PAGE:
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Dillon Rajakarier: We must pass on resilient homes, not climate liabilities, to the next generation

Dillon Rajakarier (CEN supporter)

Sweltering heat, water shortages, and floods: the past year alone has made the case for adapting our existing and future homes to the changing climate. In England, one in six properties are at risk of flooding and 20% of homes suffer from overheating. With 80% of our buildings projected to still be used in 2050, these figures, along with costs to families, may only increase given rising temperatures. As Conservatives, we must ensure we pass on resilient homes, not climate liabilities, to the next generation by retrofitting our current housing stock.

We must also future-proof new homes being built today. This will further strengthen resilience and is much cheaper than adapting buildings later. For instance, modifying a small semi-detached house for passive cooling costs around £9,200, but the equivalent measures are only £2,300 to implement during construction. The following policies help meet this challenge and boost housing development while reducing long-term consumer costs and the planning backlog.

Cooling our homes

Presently, homeowners require planning permission for many measures to reduce overheating; external shutters are recommended to passively cool homes, yet require approval. Extending permitted development rights to such methods would reduce the load on the planning system while making it easier for homeowners to adapt to climate risk.

On future-proofing new homes, a national urban greening factor (UGF) would be effective in reducing overheating. The policy sets a minimum requirement for green infrastructure, calculated by scoring different types of greenery, such as green roofs, trees and hedges, based on environmental benefit and multiplying this by their surface area on the property to reach a UGF score. This could be used in conjunction with local authority targets for areas covered by tree canopies, which also increases shade and biodiversity.

Pouring flood risk down the drain and preventing water shortages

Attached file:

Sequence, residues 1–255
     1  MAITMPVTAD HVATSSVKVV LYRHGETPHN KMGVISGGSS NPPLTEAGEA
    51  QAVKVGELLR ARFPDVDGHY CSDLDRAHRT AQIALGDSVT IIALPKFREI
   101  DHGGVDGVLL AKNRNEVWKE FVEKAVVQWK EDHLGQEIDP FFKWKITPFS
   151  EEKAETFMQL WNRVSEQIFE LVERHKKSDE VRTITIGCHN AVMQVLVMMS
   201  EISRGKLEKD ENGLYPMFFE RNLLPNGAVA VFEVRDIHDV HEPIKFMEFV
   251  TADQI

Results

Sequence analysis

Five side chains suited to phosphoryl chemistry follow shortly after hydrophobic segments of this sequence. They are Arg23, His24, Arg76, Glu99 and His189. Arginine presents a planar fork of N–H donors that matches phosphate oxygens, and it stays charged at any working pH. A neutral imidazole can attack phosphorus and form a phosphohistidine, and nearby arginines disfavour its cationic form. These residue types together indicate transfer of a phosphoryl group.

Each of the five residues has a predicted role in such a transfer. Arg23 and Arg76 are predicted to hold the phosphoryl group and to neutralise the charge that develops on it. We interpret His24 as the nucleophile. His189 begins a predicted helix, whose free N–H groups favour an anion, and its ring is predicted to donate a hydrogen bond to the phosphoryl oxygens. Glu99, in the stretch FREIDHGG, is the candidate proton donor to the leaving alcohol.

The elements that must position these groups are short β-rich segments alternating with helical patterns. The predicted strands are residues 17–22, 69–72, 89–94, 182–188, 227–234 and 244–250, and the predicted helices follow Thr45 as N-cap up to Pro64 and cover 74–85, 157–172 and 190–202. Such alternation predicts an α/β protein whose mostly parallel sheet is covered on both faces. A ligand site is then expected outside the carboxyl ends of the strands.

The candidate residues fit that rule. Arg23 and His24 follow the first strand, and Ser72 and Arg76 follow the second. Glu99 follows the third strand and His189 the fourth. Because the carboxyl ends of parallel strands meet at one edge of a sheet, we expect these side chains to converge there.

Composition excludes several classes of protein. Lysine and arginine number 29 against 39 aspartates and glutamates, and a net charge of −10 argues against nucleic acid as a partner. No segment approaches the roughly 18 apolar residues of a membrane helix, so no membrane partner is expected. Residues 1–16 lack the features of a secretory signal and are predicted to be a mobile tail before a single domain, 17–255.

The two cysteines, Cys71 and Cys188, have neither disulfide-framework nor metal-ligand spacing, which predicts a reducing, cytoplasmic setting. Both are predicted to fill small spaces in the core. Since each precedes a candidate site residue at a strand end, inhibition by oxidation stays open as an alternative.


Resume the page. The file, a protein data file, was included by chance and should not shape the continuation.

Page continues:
Another issue is flooding. While mitigation measures are mentioned in planning policy, building regulations do not mandate flood resistance for at-risk properties. Considering flooding causes an average of £1,400 million of damage per year, adaptation should be required.

This requirement should also mandate sustainable urban drainage systems (SUDS). Industry-backed SUDS, such as permeable pavements or stormwater management ponds, are cost-effective and provide additional benefits to the local area. For example, green space solutions can boost ‘pride in place’. Revisions in 2018 to the National Planning Policy Framework do require SUDS on major developments, but local implementation is lacking, and thus requirements for SUDS must be put on a statutory footing using Schedule 3 of the Flood and Water Management Act.

But flooding isn’t the only risk, we also face shortages caused by hotter, drier summers. In 2021 the government released plans to introduce a water efficiency label for consumer products and to review building regulations to boost water efficiency. An additional two pronged approach would create a Water Performance Certificate, much like the EPC, and introduce minimum water efficiency standards into the Future Homes Standard for fittings such as taps, toilets, and showers that would gradually increase overtime, spurring industry innovation. Just introducing water labelling and reforming building regulations could save consumers £26 billion through reduced energy and water bills.

Frontloading environmental assessments

Finally, the government can reduce planning uncertainty and backlogs through greater clarity in planning law and by encouraging risk mapping. Legislation merely states local development plans must contribute to mitigating and adapting to climate change. Such guidance, while welcome, is not well defined, leading to delays in approvals and legal challenges over projects’ climate commitments. This uncertainty reduces appetite for development and deters finance - investors want properties resilient to climate change that will not depreciate over time. The government should amend the Levelling Up and Regeneration Bill to set a clear requirement and definition for climate adaptation in planning policy and decisions. This should be supported by detailed guidance and metrics covering flooding, heat risk, and water efficiency, such as those outlined above. This will increase resilience and provide businesses with the certainty they need to develop and invest.

This should include mapping zones of hotspots and water stress and linking this data into planning policy. This will, in conjunction with greater planning clarity, allow developers to self-select appropriate proposals before submitting them for planning. Developing the capacity of local planning authorities to build such data sets and mapping tools will require government support. This approach of frontloading environmental assessments will reduce the planning backlog and decrease approval times, helping the government meet its target of building 300,000 homes annually.

I hope the new government agrees that on housing and climate resilience, going for growth doesn’t mean going for broke. Accelerating development and improving our climate resilience can go hand in hand, saving us all money in the future.


Views expressed in this blog are those of the author, not necessarily those of the Conservative Environment Network. If you are a CEN supporter, councillor, or parliamentarian and would like to write for the CEN blog, please email your idea to

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